At a particular point in time, the income-contingent loan repayment system is progressive (and is often argued as such by its advocates). However, how can this marry with the fact that certain lower paying occupations are expected to make larger loan repayments – in real present value terms – than higher paying occupations? It comes down to the duration of repayments.
For example, for as long as it takes men in legal professions to repay their entire student loan and accumulated interest (16 years), the average level of student loan repayments as a proportion of income stands at between 4% and 7%. For teachers, whose earnings are lower, the average contribution ranges between 2% and 5% in this period. Hurrah – the system is progressive!
However, from the 17th to the 30th year of repayment, while those in legal occupations have no further repayments to make, teachers continue to pay around 5% of their total earnings in loan repayments. As the table above illustrates, men in public sector professions – with median earnings (or slightly below) – face a greater loan repayment burden over their working lives than higher paid individuals, who repay their loans early. Compared to men in financial or legal professions, who pay an average of 2.0%-2.1% of gross earnings towards the costs of repaying their student loans, men in social work, teaching and nursing occupations pay between 3.2% and 3.6% over their working lives.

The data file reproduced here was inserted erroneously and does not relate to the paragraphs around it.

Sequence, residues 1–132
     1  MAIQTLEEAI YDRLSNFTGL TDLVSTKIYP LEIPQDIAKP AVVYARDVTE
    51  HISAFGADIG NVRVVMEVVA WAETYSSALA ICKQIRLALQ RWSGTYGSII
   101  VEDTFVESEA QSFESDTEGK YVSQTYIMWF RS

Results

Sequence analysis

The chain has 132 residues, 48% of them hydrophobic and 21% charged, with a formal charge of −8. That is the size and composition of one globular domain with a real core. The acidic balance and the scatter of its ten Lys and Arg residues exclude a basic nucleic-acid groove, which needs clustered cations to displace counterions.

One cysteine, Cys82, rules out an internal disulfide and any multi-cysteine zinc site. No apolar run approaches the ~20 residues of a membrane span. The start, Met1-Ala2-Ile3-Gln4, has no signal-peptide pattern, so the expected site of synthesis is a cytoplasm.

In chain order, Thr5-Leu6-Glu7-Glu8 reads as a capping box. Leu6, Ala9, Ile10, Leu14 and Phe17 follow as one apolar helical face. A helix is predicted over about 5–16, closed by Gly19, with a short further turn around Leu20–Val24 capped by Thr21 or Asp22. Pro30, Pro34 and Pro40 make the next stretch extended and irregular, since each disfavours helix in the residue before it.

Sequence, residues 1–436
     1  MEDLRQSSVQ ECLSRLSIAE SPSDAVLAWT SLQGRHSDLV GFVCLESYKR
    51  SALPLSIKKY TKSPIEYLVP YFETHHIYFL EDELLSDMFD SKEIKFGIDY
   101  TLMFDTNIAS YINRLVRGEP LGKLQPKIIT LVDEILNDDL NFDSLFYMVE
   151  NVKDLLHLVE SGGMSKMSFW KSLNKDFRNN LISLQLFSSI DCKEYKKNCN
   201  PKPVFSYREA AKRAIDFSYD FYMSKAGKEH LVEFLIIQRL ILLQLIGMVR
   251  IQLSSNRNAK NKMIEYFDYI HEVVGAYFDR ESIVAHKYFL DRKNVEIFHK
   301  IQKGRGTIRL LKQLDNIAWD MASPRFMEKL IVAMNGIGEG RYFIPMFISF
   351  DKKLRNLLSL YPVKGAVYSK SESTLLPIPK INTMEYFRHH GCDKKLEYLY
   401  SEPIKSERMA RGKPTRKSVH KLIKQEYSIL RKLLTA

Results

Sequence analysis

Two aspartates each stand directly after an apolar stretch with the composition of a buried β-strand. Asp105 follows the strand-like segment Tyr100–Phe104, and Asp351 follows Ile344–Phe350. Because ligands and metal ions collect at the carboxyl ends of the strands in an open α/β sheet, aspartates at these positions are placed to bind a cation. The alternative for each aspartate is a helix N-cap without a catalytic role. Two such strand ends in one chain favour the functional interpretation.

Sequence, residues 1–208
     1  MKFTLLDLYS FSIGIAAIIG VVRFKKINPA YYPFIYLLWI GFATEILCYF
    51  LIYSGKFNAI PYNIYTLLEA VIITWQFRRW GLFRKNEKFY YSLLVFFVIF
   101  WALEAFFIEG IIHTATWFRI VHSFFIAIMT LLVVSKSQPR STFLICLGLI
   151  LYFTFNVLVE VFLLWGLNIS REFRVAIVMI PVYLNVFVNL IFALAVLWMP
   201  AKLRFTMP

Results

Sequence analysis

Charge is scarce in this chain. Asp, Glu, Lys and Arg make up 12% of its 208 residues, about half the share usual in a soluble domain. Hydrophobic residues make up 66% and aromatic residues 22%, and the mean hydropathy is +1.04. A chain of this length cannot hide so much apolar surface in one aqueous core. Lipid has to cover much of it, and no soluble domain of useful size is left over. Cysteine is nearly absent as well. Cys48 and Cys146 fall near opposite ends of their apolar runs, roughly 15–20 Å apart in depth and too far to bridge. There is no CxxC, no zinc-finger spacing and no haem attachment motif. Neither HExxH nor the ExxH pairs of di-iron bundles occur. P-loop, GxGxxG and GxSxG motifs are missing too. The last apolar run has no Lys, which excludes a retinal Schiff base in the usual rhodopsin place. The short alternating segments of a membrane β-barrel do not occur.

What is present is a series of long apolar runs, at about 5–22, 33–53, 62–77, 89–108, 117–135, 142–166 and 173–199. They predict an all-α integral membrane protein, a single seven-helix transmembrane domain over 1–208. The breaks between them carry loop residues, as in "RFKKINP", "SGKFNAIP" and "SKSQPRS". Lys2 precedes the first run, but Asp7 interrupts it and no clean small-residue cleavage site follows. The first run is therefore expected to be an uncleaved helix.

Similarly, for women in relatively higher-paying occupations (legal and financial occupations), the average level of student loan repayment as a proportion of earnings across the working life was estimated to be between 3.4% and 3.7%. This again suggests that individuals near the middle of the earnings distribution are disproportionately impacted by student loan repayments over the course of their working lives.
The incentives appear to be to either repay as soon as possible, or not at all. However, those who are just on track to clear the balance at the end of the 30-year period face a 9% payroll deduction over their working lives, and repay more in real terms than both lower earners (fine!) and higher earners (not so good!). In other words, it’s costly to be a graduate in the middle of the earnings distribution, particularly for middle-to-higher earning women.
There are many challenges associated with the current fees and funding regime – but importantly, tinkering with the system might cause even more problems. Reducing the interest rate charged is costly – and disproportionately positively impacts those with above-average graduate earnings (who repay early and part-subsidise the lowest earners). Unfreezing the repayment threshold would benefit lower earners. Extending the repayment period would extend the burden for middle earners for even longer.
Reducing the rate of repayment might marginally benefit middle earners at the expense of top-earning graduates. However, any of these approaches would require years to implement (as witnessed during the Diamond Review in Wales) and would only put even more sticking plaster on a system that is already freakishly complex.